One of my favourite books is Modern Dairy Farming that originally belonged to my great, great grandfather and was printed in 1911. It highlights milk fever as the most formidable of all conditions that attack dairy stock.
It also suggests methods of prevention which include a pound of Epsom salts given once a week, two weeks before calving, and keeping a cow with a tendency to the disease in lower condition prior to calving.
Treatment involved atmospheric air being injected into the udder -- I have visions of a farmer using some form of bicycle pump! Thankfully, things have moved on over the past century and milk fever as a metabolic disorder is now understood. With many dry cows now coming into their final month of pregnancy, it may be timely to prepare ourselves for the management of milk fever but, more importantly, its prevention.
Milk fever occurs when blood calcium (Ca) concentration becomes too low to support the functions of the nerve cells and the contractions of muscle tissue. Adequate status of calcium in the blood is in the range of 2-3mmol/l. This is maintained by contributions from the intestines (dietary calcium absorbed) and bones (where 99pc body calcium is stored) against the losses of calcium in urine, faeces and milk. These losses significantly increase after calving. For example, a 500kg cow can put 30g calcium into 25kg of milk every day.
Most cows manage the transition into lactation by mobilising sufficient skeletal calcium to meet the increase in demand, as a newly calved cow cannot absorb enough dietary calcium to compensate for high milk production.
However, cows with an inappropriate diet, hormonal imbalance or poor condition may lose more calcium than they can replace. Subclinical hypocalcaemia increases the risk of mastitis, ketosis, retained placenta and uterine prolapses. All these conditions are seen at calcium blood concentrations of 1.4-2mmol/l.
Clinical signs of milk fever are usually observed 48 hours after calving, with cows exhibiting hypersensitivity, excitability, muscular twitching, weakness and rumen stagnation. These signs are associated with blood concentration of less than 1mmol/l. A cow with milk fever should be propped up, kept warm and injected subcutaneously or intravenously with 8-14g of calcium as calcium borogluconate. Call a vet if you are unsure of this procedure or if the cow fails to improve within a few hours.
To prevent milk fever, cows, before calving, should receive a diet that will induce the metabolism into a calcium-deficient state. This will activate the parathyroid hormone, or vitamin D system, that acts on the bones to stimulate the release of calcium into the blood and accelerates conversion of the vitamin D precursor to an active form to stimulate absorption of calcium from the diet. So, ideally, feed a low calcium intake 10-14 days before calving of 15-20g/cow/day. Maize silage can be useful if you have it as it contains less than 2.5gCa/ kgDM. In comparison, grass silage contains around 4.5g Ca/kgDM and the odd supplement like citrus pulp that contains around 18g Ca/kgDM is very high.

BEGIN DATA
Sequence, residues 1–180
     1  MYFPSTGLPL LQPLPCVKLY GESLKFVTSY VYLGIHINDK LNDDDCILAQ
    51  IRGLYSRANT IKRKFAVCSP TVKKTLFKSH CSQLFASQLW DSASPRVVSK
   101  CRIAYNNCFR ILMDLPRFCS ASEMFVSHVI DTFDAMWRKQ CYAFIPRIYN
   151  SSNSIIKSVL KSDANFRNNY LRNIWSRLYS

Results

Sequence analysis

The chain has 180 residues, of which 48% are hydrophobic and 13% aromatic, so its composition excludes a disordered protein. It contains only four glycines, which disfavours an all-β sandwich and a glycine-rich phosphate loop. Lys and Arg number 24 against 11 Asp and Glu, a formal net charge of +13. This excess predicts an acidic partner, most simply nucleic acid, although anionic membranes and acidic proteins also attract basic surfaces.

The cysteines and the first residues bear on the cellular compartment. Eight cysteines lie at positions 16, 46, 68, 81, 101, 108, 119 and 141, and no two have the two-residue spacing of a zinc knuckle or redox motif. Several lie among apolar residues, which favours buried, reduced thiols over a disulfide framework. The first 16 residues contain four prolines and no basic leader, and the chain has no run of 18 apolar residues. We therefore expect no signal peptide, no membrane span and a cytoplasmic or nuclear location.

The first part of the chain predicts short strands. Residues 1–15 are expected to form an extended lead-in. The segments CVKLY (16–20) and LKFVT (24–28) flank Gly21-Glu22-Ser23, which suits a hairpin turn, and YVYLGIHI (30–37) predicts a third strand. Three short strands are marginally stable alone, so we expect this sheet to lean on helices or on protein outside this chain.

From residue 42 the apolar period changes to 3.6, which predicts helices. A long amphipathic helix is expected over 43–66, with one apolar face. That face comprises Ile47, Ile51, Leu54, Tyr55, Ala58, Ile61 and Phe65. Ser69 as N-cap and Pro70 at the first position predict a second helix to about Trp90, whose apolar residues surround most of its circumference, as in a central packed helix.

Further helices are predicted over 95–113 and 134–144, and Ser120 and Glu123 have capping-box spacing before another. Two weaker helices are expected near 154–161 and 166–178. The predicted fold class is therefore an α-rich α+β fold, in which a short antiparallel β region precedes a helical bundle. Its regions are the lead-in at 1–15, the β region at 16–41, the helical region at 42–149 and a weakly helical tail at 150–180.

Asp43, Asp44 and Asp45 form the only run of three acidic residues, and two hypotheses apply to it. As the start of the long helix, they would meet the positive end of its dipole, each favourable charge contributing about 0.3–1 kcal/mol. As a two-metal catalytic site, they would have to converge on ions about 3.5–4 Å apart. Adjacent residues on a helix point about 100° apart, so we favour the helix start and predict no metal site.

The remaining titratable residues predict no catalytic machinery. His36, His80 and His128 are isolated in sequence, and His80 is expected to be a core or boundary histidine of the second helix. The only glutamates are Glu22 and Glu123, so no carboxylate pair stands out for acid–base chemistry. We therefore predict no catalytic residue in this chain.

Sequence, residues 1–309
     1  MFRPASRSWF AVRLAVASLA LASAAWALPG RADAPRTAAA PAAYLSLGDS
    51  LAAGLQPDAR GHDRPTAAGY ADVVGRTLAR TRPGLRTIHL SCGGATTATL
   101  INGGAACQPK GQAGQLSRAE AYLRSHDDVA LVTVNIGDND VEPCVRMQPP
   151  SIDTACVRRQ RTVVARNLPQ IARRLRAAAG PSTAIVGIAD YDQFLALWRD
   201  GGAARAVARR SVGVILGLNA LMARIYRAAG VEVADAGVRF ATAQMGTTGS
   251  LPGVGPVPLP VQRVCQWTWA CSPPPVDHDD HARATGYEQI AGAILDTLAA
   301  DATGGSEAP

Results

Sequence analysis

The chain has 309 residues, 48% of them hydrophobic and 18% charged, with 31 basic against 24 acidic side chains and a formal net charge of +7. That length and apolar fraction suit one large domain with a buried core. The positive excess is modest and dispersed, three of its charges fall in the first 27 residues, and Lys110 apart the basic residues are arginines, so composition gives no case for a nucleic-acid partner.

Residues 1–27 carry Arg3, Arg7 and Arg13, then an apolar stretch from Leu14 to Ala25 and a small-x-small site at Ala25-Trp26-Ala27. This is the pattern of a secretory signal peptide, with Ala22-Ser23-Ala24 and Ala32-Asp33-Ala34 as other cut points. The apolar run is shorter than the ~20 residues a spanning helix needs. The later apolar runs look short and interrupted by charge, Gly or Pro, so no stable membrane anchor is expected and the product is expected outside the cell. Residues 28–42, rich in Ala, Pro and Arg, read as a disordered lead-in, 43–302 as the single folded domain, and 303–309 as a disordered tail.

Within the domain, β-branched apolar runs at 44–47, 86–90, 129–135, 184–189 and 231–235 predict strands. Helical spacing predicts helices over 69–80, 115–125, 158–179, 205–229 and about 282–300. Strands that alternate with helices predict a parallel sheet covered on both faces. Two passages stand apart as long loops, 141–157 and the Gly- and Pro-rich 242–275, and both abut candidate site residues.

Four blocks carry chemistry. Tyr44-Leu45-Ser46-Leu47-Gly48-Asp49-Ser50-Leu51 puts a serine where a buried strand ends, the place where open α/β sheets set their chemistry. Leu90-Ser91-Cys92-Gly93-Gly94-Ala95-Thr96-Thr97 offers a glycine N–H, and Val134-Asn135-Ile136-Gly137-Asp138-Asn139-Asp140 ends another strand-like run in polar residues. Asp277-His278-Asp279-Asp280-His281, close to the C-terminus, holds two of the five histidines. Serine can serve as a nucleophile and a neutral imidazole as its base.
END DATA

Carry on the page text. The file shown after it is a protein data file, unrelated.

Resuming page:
However, after calving, increase the intake of calcium to restore skeletal reserves.
Effective regulation of calcium also relies on an adequate magnesium (Mg) status as it stimulates the mobilisation of calcium from the bone. It's also important in preventing grass tetany, so cows should be supplemented with magnesium of 10-15g/cow/day from 3-4 weeks before calving to 12-14 weeks after calving. Supplementing with magnesium sulphate or magnesium chloride before calving is more likely to prevent milk fever than using magnesium oxide as they have a higher biological availability.
So, obviously, even 100 years ago they were onto something with the Epsom salts that is magnesium sulphate, although they can have a laxative effect.
However, it can be difficult to supply cows with enough magnesium when using magnesium sulphate or magnesium chloride, so using magnesium oxide may be more appropriate.
High potassium (K) impairs the absorption of dietary magnesium and can be high in spring pastures, so avoid spreading high amounts of potassium fertiliser early on or be careful on paddocks with heavy, high soil potassium readings. Aim is to keep pasture potassium below 3.5g/kgDM. Calcium status can also be affected by the cow's dietary cation-anion difference (DCAD).
Very high cation intake (potassium and sodium) can raise blood pH and impair the mobilisation of calcium from the bone. While large amounts of anion salts can improve DCAD, they are poorly palatable and tend to reduce intake.
Dr Mary Kinston is a farm consultant based in Kerry. Email: email@example.com